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M. Hild, U. Löw, M. Laue, P. Mestres, C. Huss, K. Ruprecht, M. Krause, I. Riemann, K. König; Experimental Retinal Ablation and Imaging With Femtosecond Laser Pulses . Invest. Ophthalmol. Vis. Sci. 2005;46(13):5450.
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© ARVO (1962-2015); The Authors (2016-present)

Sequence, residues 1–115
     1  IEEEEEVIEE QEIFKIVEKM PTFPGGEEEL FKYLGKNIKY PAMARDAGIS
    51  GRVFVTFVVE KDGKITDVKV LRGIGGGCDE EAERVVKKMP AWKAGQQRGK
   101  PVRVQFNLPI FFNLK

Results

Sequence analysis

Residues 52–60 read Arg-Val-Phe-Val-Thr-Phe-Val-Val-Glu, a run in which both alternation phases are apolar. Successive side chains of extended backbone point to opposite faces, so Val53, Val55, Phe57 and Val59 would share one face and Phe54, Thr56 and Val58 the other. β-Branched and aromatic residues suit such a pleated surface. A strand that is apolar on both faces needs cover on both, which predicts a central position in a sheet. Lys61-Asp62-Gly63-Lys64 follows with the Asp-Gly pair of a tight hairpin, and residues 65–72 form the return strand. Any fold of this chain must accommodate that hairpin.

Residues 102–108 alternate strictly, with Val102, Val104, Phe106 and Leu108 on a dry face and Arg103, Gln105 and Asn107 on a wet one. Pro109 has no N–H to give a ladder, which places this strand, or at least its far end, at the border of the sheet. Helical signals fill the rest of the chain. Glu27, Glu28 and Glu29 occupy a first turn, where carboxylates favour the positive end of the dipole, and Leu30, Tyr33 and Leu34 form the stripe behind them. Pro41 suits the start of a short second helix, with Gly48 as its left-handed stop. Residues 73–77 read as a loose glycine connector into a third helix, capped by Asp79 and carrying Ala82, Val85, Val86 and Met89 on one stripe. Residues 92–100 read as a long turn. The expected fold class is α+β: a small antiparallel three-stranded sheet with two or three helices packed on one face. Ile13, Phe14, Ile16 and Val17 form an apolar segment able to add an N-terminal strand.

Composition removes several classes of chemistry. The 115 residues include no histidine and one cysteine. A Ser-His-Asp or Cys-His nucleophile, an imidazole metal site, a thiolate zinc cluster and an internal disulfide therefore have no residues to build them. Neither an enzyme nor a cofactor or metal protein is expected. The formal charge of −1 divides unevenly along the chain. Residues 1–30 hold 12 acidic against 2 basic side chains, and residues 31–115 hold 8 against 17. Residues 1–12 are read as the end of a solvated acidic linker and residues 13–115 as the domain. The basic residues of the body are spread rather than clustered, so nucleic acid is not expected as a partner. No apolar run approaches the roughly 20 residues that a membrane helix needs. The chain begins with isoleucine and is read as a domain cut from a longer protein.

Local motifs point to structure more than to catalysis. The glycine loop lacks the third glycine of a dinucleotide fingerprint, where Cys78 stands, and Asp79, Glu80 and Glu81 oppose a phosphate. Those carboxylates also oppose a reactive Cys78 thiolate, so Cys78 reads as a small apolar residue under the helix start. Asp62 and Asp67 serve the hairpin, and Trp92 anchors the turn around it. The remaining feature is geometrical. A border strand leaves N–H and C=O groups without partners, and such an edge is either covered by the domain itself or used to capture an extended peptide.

Purpose: Amplified femtosecond lasers with µJ pulse energies are novel tools in corneal surgery, but little is known about use of femtosecond pulses in retinal microsurgery. Studies indicate that nJ laser pulses of non–amplified femtosecond lasers offer better precision and less collateral tissue damage compared to mJ and µJ laser pulses of amplified femtosecond lasers. We report preliminary results of in vitro intraretinal tissue ablation with an non–amplified 90MHz femtosecond laser and high–resolution multiphoton imaging with near infrared multiphoton laser scanning microscopy. Methods: Retina from porcine and human eyes was irradiated with a laser beam derived from a compact 90 MHz modelocked Titanium:sapphire laser (1W output power, <140 fs pulse width, 720 to 950 nm wavelength tuning range, ChameleonTM, Coherent, Santa Clara, CA). The laser was coupled to an inverted modified infrared laser scanning microscope. The system was used to perform microsurgery as well as to obtain intratissue multiphoton images before and after ablation. The laser beam was focused through a 40x oil objective (Zeiss NeofluarTM, Zeiss, Jena, Germany) with a numeric aperture of 1.3. In addition, specimens were studied with transmission electron microscopy. Results: Line shaped intraretinal cuts were created at different wavelegths and tissue depths (15 to 30 µm). The lesion width was below 5 µm. Laser scanning microscopy revealed intratissue autofluorescence images with submicron resolution. A spectral analysis was performed. Increased fluorescence was determined at the margins of the tissue cuts, indicating small areas of collateral tissue damage. In addition, small cavitation bubbles were observed. Conclusions: Non–amplified femtosecond laser pulses at low nJ pulse energies have been applied for precise intraretinal ablation at predefined targets. High resolution multiphoton laser scanning microscopy offers functional imaging within seconds after laser ablation. The technique allows to predefine targets and to observe the progression of laser tissue removal. Our results serve as a basis for further experiments of retinal lasersurgery, e.g. removal of epiretinal membranes.
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